What’s that you say?  That last sentence feels wrong but you’re not exactly sure why?  Then at all costs you must put on the brakes and stare at it until you figure out why!  That last thing anybody needs or wants in a rough draft is for there to be the opportunity for edits later.  Why correct at a future date when you can do it now?  HINT: The “immediate edit” technique is only successful given an extreme amount of concentration.  Therefore, identifying the mistake (and therefore rectifying it) can only be accomplished if you maintain unceasing eye contact with the offending word, phrase, or sentence.  Taking your eyes off for a moment will immediately break your connection with the problem item and it will NEVER get fixed.
  2. Don’t attempt to write every day.
    Who’s got that kind of time anyway?  Between a job, a spouse, kids, significant other, friends, traffic jams, phone conversations, Twitter, pets, housecleaning, staring at the ceiling, that other project you’ve always been wanting to do, etc. who really has time to devote DAILY to this endeavor?  Isn’t it enough that you’re even trying this writing project in the first place?  What god of writing demanded that you have to sacrifice every day to do it and FOR A WHOLE MONTH?!  In case nobody informed Chris Baty, there are 30 (three-zero.  As in one-two-three-four-five-six-seven…THIRTY!) days in the month of November.  Really, Chris?  30 days to crank out 50K words?  You’ve got to be smoking crack.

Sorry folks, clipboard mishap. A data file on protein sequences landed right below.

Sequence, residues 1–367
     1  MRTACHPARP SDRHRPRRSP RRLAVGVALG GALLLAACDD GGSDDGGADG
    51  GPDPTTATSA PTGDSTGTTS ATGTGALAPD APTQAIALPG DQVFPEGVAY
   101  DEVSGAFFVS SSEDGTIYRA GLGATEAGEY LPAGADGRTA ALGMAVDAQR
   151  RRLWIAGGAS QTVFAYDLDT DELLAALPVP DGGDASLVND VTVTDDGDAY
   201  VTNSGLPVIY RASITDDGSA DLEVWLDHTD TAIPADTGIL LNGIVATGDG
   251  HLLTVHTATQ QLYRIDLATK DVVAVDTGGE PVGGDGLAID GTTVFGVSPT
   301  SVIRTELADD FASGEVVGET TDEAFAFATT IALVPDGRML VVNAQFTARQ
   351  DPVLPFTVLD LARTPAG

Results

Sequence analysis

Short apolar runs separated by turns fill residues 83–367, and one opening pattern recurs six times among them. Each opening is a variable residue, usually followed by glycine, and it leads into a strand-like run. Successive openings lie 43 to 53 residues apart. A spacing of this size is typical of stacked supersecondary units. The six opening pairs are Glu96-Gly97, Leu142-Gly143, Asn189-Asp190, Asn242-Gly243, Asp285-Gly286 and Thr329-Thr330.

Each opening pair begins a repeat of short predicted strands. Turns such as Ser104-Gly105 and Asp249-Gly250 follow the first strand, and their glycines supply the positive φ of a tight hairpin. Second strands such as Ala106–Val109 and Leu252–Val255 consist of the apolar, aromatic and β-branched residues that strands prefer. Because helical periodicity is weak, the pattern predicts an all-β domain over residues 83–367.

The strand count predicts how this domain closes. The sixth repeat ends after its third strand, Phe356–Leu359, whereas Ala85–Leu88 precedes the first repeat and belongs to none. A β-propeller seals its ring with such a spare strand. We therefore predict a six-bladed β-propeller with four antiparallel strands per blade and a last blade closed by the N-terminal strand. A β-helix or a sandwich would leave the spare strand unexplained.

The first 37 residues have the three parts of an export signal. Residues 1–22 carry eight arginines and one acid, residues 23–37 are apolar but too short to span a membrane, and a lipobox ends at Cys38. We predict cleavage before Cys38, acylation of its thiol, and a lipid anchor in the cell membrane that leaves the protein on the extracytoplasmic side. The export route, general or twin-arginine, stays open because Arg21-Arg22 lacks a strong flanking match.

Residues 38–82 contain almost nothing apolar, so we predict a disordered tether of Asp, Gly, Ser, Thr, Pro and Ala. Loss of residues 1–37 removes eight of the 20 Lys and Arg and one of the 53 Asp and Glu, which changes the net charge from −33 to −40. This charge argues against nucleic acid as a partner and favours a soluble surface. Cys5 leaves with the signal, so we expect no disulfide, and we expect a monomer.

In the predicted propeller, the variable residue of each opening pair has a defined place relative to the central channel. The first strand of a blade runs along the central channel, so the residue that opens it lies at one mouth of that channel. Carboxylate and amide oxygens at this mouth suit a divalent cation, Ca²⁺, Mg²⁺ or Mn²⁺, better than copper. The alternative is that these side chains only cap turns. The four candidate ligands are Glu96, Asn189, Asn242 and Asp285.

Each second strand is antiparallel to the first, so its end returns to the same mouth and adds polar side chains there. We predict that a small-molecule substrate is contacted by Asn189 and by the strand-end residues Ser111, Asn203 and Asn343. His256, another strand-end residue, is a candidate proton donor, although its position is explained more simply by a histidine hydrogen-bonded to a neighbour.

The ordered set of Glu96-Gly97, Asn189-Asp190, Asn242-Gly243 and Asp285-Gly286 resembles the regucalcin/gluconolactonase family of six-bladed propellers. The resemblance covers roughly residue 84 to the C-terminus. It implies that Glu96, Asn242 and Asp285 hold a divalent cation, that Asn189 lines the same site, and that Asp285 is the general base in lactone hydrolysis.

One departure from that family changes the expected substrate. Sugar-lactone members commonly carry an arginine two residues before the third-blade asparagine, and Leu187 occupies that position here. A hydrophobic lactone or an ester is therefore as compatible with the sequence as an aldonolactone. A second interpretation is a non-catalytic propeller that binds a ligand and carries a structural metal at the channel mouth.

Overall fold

It’s hard enough doing that much in that time frame, and writing every day will only make it more tedious.  Isn’t writing supposed to be fun?  Aren’t we all supposed to be enjoying ourselves and our characters and the silly shenanigans we tell them to do?  Trust me, writing every day is not necessary to keeping your writing mojo going and will only make it all the worse.  When you encounter that silly plot snag, sit on it and think for a couple of days.  It’s true that to actually achieve the 50K-in-30-days goal, you have to average something like 1,667+ words/day.  But still.  Catch up when you can.  You’re guaranteed to reach your goal if you want it bad enough—so on days that you don’t make the daily word count, just WANT IT just a little harder to compensate.